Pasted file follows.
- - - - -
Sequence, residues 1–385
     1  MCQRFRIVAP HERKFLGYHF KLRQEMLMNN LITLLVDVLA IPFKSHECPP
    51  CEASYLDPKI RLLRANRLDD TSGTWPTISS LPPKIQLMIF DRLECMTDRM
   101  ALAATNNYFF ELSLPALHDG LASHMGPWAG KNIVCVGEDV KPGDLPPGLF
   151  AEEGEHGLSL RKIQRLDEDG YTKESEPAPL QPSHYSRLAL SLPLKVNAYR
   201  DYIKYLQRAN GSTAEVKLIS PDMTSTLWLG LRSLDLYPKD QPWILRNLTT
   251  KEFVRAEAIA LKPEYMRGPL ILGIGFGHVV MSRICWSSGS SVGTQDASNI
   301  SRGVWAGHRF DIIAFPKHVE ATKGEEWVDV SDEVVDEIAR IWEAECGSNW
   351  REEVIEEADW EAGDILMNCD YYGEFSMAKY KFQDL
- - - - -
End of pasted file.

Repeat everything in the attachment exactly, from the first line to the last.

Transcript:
Sequence, residues 1–385
     1  MCQRFRIVAP HERKFLGYHF KLRQEMLMNN LITLLVDVLA IPFKSHECPP
    51  CEASYLDPKI RLLRANRLDD TSGTWPTISS LPPKIQLMIF DRLECMTDRM
   101  ALAATNNYFF ELSLPALHDG LASHMGPWAG KNIVCVGEDV KPGDLPPGLF
   151  AEEGEHGLSL RKIQRLDEDG YTKESEPAPL QPSHYSRLAL SLPLKVNAYR
   201  DYIKYLQRAN GSTAEVKLIS PDMTSTLWLG LRSLDLYPKD QPWILRNLTT
   251  KEFVRAEAIA LKPEYMRGPL ILGIGFGHVV MSRICWSSGS SVGTQDASNI
   301  SRGVWAGHRF DIIAFPKHVE ATKGEEWVDV SDEVVDEIAR IWEAECGSNW
   351  REEVIEEADW EAGDILMNCD YYGEFSMAKY KFQDL